Of course, the chance to use empathy does not only happen with cases related to death. It applies to many everyday conversations around the office. Sometimes the issue may be an upset stomach or a tough personal situation. Either way, the fact that you empathize with employees will allow your bond to grow and potentially cultivate loyalty. Employees who get treated right and know they can turn to people at work in a time of need do not leave companies nearly as frequently as those who get treated poorly or purely treated as instruments of business. Always strive to maintain some level of personal touch. 

Empathy is not always something at the forefront of office conversations, and some people don’t understand how to show empathy. However, you can do two simple things to help show this quality: 

  1. Ask questions. This will allow you to see what is going on in the head of another person, and it will allow you to take the next step… 
  2. Look at things from their viewpoint. While this will not allow you to experience their emotions, it will allow you to recall previous personal experiences that may help you in offering some advice. 


Piggybacking on empathy comes the soft skill of confidence. Confidence is defined as the feeling or belief that one can rely on someone/something. Think of it as firm trust. Having an empathetic relationship will go a long way to establishing trust with your employees. Having that trust will prove crucial to your business’ continued growth. Confidence is something that all leaders must have in order to get buy in from their employees. Without confidence in a supervisor, team members might not fully believe in leadership, and a company without the confidence of their team fill face many problems.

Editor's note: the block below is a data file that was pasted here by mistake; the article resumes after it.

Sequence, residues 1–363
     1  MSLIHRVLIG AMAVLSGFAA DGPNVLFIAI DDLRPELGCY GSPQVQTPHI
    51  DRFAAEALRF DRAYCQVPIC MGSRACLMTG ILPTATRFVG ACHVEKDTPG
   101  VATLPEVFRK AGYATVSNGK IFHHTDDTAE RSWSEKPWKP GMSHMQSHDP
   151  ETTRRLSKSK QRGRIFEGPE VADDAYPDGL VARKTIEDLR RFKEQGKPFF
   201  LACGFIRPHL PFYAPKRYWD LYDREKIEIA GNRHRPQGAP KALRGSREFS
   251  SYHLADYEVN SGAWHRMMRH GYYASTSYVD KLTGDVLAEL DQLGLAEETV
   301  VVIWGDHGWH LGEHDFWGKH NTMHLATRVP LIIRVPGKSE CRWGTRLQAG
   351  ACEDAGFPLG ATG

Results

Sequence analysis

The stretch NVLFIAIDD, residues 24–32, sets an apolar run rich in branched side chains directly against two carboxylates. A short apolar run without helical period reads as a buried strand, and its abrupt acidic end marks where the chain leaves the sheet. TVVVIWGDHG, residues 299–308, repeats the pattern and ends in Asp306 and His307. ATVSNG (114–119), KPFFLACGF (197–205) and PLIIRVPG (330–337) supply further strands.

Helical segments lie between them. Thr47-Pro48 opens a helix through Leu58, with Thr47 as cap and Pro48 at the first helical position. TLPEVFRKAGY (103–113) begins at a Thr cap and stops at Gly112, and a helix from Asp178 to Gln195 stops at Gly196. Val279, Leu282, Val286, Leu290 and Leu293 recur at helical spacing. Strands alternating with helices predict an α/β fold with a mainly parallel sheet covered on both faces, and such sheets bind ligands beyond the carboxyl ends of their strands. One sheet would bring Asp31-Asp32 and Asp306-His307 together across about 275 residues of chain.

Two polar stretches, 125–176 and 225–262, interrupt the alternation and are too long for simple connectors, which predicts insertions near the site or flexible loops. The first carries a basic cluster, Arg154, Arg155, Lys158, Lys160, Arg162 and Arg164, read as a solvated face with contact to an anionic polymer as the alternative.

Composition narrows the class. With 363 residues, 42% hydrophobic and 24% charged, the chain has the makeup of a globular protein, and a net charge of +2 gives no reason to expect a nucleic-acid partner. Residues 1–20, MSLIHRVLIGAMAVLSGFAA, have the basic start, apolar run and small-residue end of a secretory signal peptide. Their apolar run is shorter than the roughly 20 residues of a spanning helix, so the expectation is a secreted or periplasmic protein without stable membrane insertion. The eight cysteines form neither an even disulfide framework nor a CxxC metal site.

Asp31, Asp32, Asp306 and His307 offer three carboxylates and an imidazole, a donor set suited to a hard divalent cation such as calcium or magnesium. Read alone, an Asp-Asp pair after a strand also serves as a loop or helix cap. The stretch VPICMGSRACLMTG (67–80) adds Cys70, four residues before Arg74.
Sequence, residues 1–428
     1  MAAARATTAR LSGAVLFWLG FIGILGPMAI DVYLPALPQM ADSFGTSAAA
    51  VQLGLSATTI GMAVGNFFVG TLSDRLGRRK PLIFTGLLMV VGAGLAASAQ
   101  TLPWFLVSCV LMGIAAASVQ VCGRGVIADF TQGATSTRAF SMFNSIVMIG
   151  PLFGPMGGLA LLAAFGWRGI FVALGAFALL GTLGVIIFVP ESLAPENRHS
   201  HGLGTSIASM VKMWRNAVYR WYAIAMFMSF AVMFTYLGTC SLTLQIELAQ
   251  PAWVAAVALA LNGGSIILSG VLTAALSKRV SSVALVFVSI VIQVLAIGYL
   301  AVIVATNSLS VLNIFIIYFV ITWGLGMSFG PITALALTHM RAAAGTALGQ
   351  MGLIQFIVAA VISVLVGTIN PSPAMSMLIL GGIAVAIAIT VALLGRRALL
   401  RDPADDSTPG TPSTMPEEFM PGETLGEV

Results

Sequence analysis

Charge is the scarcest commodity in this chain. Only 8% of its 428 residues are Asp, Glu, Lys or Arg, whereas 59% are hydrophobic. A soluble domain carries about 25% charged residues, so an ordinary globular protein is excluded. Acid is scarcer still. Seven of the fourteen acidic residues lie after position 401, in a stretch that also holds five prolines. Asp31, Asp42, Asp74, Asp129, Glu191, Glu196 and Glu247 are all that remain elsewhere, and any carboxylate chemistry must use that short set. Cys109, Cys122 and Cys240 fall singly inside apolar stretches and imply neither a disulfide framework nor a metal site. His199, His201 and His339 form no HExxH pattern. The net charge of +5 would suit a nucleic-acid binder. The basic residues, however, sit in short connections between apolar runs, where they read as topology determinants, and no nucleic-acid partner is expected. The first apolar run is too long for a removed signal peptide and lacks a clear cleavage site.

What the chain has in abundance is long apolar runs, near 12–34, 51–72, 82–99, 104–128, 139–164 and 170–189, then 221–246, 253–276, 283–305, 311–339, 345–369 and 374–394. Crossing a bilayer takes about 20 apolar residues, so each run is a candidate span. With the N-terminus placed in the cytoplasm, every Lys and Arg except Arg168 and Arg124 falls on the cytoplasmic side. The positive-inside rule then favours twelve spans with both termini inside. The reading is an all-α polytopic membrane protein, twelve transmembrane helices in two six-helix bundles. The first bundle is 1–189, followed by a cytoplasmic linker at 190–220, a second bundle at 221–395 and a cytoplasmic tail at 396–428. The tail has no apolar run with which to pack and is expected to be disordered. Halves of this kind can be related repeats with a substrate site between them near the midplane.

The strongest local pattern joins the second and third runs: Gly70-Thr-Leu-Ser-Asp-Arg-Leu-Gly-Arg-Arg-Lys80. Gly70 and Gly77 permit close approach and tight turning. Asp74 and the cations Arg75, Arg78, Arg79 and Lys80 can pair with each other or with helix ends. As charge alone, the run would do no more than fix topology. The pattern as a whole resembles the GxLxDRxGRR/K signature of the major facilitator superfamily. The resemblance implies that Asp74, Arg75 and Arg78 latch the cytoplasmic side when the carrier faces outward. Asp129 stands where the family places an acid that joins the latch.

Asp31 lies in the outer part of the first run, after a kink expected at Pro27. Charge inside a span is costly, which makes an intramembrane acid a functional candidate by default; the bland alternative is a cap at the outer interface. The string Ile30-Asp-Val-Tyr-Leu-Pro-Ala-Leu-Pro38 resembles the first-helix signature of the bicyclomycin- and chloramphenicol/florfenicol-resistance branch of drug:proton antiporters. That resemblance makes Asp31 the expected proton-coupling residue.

Confidence can be one of the hardest things to learn, simply because some people are not confident by default. Some people may struggle with self-doubt or just are afraid to say something wrong. Below you’ll find a few things that you can do to become more confident around the office: 

  1. Talk to yourself. Before work each day, say things to keep yourself positive and thinking about goals. For example, “I can complete this project regardless of a shorter deadline” or “I can hit this monthly goal.” Keeping positive goals in the forefront of your mind will allow you to remain confident in the face of strife. 
  2. Step away. Use breaks and lunches to recharge. Sometimes just five minutes away from your desk or office can have a big impact on the daily grind. 
  3. Ask questions. To be confident, you have to understand what you need in order to succeed. Asking questions will allow you to get a better grasp on everything going on, thereby building confidence.

More on soft skills:

How to Develop a Good Field Service Technician into a Great Field Service Technician

Soft Skills in the Field Service Industry: Adaptability

Soft Skills in the Field Service Industry: Creativity